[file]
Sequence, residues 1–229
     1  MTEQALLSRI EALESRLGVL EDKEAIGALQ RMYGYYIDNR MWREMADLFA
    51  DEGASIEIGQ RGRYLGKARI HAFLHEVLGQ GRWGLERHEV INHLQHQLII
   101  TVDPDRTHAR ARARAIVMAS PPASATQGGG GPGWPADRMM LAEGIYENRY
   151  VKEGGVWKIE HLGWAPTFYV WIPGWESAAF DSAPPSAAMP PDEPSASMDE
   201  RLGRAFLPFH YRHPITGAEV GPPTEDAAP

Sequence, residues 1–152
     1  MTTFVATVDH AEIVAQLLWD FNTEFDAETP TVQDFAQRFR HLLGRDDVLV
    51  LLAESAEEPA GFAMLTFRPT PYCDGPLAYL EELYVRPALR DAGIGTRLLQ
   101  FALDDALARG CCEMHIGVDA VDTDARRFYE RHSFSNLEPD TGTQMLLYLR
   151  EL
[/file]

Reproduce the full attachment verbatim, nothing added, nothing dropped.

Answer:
Sequence, residues 1–229
     1  MTEQALLSRI EALESRLGVL EDKEAIGALQ RMYGYYIDNR MWREMADLFA
    51  DEGASIEIGQ RGRYLGKARI HAFLHEVLGQ GRWGLERHEV INHLQHQLII
   101  TVDPDRTHAR ARARAIVMAS PPASATQGGG GPGWPADRMM LAEGIYENRY
   151  VKEGGVWKIE HLGWAPTFYV WIPGWESAAF DSAPPSAAMP PDEPSASMDE
   201  RLGRAFLPFH YRHPITGAEV GPPTEDAAP

Sequence, residues 1–152
     1  MTTFVATVDH AEIVAQLLWD FNTEFDAETP TVQDFAQRFR HLLGRDDVLV
    51  LLAESAEEPA GFAMLTFRPT PYCDGPLAYL EELYVRPALR DAGIGTRLLQ
   101  FALDDALARG CCEMHIGVDA VDTDARRFYE RHSFSNLEPD TGTQMLLYLR
   151  EL